Channel crossings could surge to record 15,000 this year as smugglers target smaller ports
Migrants arrive in UK as Patel plans tighter asylum rules
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The National Crime Agency (NCA) has flagged how criminal gangs are increasingly conducting illegal Channel crossings because of “high success rates” in targeting smaller ports. It comes as twice as many migrants have arrived in Britain this year compared to 2020.
According to the NCA, criminal gangs had also started using bigger boats to try to transport migrants into the UK.
In strategic assessment published on Tuesday, they said gangs were targeting small ports away from the busy Dover Strait.
They added: “Organised Crime Gangs (OCGs) have attempted to transport migrants into the UK using larger vessels landing at small ports away from the Dover Strait.
“Migrants transported via this method have a higher chance of being exploited by UK-based criminals than those detected by law enforcement arriving by small boat.”
So far, more than 3,100 people have arrived in the UK this year in trafficking operations.
The figures are nearly double those seen in the same period in 2020 when around 1,600 people arrived
The NCA has said this year’s figures could reach 15,000 if the current rate of migrant trafficking continues.
Last year saw a record high amount of illegal migrants enter the country, at 8,713< according to Migration Watch UK data.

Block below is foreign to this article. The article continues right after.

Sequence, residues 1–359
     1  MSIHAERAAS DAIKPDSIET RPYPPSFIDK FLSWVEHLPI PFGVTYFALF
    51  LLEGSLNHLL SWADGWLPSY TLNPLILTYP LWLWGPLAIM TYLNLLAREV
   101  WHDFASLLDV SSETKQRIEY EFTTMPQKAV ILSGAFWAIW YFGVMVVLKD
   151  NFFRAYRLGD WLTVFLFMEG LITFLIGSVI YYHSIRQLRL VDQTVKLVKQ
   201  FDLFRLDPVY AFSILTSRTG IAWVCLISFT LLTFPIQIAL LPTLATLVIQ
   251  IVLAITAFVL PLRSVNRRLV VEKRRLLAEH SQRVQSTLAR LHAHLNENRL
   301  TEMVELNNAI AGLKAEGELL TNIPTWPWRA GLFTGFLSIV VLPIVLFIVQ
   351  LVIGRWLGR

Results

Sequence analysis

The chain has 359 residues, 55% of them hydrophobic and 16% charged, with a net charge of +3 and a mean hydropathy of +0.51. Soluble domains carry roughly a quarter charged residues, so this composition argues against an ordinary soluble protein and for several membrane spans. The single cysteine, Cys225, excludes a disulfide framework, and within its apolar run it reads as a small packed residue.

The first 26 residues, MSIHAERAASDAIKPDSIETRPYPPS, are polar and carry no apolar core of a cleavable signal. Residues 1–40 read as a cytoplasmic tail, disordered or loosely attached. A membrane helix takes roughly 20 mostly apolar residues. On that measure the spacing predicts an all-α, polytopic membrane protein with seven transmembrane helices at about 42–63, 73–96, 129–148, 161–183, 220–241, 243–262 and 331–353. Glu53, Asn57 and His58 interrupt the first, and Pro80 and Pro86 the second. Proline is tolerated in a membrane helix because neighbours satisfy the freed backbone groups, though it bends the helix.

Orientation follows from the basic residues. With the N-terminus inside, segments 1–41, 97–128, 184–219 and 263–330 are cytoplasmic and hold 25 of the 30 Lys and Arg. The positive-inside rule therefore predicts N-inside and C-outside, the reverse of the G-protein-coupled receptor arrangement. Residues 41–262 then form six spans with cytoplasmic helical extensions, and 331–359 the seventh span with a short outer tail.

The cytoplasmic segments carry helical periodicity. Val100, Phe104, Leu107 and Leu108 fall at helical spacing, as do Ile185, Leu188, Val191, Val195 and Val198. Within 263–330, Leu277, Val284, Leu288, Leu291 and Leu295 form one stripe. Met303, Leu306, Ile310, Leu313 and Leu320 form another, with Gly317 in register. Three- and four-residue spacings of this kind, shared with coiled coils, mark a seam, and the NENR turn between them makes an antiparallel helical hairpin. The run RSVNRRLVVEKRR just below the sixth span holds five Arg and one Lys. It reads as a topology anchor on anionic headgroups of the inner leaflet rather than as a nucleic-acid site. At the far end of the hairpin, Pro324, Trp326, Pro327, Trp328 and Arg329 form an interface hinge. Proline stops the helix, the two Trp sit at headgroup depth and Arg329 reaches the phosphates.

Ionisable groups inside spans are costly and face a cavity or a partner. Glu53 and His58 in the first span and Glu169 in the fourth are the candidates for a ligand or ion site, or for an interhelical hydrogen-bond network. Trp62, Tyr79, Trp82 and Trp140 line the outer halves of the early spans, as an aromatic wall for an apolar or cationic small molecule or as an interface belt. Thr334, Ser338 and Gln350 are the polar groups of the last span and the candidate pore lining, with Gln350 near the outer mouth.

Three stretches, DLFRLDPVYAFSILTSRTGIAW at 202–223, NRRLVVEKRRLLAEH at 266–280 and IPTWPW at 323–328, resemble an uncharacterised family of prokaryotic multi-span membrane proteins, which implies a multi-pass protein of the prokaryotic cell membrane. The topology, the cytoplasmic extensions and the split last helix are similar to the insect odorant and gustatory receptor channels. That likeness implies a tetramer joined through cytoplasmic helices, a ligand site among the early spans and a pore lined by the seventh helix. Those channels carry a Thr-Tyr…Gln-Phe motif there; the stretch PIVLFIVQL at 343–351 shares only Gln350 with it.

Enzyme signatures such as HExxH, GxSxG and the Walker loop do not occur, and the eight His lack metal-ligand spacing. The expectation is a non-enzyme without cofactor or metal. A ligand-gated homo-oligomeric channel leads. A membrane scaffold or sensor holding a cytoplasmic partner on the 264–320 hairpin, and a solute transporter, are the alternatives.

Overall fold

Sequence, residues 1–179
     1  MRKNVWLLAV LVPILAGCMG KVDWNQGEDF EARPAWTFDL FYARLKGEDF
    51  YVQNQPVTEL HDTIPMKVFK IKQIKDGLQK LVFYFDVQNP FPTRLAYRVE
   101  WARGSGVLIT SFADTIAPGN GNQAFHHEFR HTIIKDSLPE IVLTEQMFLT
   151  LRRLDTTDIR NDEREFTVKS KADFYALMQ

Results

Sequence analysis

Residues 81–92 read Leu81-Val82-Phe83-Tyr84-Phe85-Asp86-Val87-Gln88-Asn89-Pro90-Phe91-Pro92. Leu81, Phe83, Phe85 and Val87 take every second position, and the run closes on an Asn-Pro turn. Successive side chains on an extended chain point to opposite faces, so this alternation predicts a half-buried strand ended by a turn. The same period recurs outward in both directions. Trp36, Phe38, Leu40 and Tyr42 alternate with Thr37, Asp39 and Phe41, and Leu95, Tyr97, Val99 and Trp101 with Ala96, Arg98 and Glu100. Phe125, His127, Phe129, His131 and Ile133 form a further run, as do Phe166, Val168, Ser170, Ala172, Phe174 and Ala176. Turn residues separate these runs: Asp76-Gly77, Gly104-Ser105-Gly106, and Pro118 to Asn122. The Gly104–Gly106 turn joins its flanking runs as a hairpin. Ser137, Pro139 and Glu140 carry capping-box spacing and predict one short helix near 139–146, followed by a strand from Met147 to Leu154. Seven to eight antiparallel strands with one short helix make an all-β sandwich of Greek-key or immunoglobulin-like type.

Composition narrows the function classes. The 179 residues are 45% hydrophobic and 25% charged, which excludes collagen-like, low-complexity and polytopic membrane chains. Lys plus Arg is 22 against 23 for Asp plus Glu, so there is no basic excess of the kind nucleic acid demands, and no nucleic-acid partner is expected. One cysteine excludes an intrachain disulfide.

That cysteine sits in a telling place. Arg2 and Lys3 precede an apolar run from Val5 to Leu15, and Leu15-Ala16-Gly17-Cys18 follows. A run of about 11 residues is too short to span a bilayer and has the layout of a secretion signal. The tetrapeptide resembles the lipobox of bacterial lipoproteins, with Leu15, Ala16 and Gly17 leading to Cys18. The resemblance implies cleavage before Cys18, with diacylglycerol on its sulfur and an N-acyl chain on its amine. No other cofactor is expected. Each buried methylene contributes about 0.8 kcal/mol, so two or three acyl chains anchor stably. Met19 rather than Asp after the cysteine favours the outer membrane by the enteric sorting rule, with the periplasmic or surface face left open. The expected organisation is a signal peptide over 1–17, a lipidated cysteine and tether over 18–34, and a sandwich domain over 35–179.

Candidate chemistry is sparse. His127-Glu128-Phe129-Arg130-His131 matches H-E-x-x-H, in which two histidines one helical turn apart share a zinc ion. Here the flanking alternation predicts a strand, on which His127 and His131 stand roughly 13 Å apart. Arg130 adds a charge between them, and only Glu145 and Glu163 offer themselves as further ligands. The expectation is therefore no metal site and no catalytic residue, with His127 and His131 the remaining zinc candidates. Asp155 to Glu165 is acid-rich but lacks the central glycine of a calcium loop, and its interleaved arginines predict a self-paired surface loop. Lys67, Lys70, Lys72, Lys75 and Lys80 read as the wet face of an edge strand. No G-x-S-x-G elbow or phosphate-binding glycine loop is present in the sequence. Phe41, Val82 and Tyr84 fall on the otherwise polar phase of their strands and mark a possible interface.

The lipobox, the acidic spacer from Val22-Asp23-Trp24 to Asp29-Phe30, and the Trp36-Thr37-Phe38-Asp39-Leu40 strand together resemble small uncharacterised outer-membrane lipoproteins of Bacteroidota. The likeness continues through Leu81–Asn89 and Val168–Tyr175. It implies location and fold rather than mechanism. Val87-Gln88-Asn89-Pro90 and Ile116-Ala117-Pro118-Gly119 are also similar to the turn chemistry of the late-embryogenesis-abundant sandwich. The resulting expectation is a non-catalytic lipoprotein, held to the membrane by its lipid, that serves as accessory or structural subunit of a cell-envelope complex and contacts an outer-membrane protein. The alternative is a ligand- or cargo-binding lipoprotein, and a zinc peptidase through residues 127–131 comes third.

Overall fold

It comes after Home Secretary Priti Patel repeated her pledge to crackdown on the criminal trade with life sentences for smugglers and new measures to deter illegal migration.
Under her proposed changes, illegal migrants will also be denied the right to settle in the UK even if they are granted asylum.
Instead, the Home Secretary suggests those granted asylum could be eligible for “temporary protection status”, which means they will be regularly reassessed for removal from the UK, have limited family reunion rights and no access to benefits unless destitute.
Ms Patel said on Monday: “As I have said before, our asylum system is fundamentally broken.
“It is so unwieldy that the costs of the system have sky-rocketed to more than £1 billion this year. Our New Plan for Immigration is key to fixing it.”
It also comes after David Bolt, the former chief inspector of borders, warned of chronic staff shortages at ports.
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